Which is it, now? You tried to persuade that the individual was not important before...NOW< you are saying that the individual is all that matters, therefore, political ideologies don't matter? that is ludacrous...

What I do in my body is a political understanding. And politics is what drives the world of ideas. There is no God, other than human being who try to understand and form society. This is what we do in maintaining social order. But, maintaining social order cannot be corercive or opressive of individuals who might differ as to their thinking on what forms the "best society". These are the things that make for the public discussion and must not be informed by "one side" alone.

Everything that one does in free societies is a voluntary service in meeting the needs of one's family and serving in that chosen profession in service to society. These are not imposed from the outside, but a matter of passion, choice and societal need.

Angie Van De Merwe said...

I meant to say that ideas drive the political...

Tom Van Dyke said...

You're describing Hobbes' "state of nature," if not anarchy, Angie. But if men were angels [or even reasonable devils], we wouldn't need laws in the first place.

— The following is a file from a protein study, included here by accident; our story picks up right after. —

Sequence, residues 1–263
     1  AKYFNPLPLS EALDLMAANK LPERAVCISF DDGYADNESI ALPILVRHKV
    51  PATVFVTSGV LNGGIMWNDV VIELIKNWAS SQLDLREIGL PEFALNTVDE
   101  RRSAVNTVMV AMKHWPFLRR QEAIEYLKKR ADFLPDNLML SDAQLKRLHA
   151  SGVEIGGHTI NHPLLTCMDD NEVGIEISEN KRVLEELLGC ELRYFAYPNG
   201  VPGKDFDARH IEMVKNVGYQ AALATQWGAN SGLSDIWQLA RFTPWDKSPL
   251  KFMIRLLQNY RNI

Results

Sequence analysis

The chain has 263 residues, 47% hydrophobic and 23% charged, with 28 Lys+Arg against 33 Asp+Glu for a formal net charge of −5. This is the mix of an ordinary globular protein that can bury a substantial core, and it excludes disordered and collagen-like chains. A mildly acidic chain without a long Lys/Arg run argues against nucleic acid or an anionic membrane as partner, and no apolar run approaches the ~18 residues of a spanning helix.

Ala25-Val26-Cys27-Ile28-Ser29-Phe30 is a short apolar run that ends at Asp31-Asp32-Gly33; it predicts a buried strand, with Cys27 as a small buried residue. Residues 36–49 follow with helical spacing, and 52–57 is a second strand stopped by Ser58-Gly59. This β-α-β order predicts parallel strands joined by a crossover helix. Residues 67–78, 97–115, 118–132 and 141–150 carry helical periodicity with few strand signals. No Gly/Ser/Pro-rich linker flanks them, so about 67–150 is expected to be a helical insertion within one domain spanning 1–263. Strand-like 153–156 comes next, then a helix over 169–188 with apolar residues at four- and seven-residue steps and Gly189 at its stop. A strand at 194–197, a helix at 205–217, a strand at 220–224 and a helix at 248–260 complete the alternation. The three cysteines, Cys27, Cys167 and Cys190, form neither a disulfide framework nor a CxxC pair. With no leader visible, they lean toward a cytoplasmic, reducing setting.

Hamilton's "The Farmer Refuted" covered this ground over two centuries ago.

You are the Farmer. What you do in your body isn't political understanding atall.

Tom Van Dyke said...

Yes, King, I agree that Phil is onto something via Barry Shain. I think that's perhaps why we haven't heard from Phil lately---he's working on it.

I'm thinking that the modern [non-Founding] argument is of two extremes, oppressive communitarianism and radical individualism, excluding the true middle, that of man as a social being in the context of family and community, proportions that are comprehensible. Ancient philosophers proposed that the ideal size for a polis was [as I recall] 15,000.

Anything bigger and man becomes an abstraction, and the individual disappears into a sea of faceless "humanity."

"I love mankind. It's people I can't stand."---Linus Van Pelt

bpabbott said...


I agree with your comparison of religion and communism.

My Russian friend was equating the authorities of religion and communism, not the pursuits themselves.

I apologize for not making the context more clear.

bpabbott said...


Re: "My argument is that the founders did not throw out the Bible and a Christian understanding of natural law."

I agree completely ... hmmm, has anyone expressed an opinion otherwise?

I thought the bone being picked over what what it means to be Christian, and that there is one camp that favors an orthodox definition, and one that favors the opinion of the individual.

I must admit that it has occurred to me that it is more complex that that, because I don't see where you fit in that dichotomy.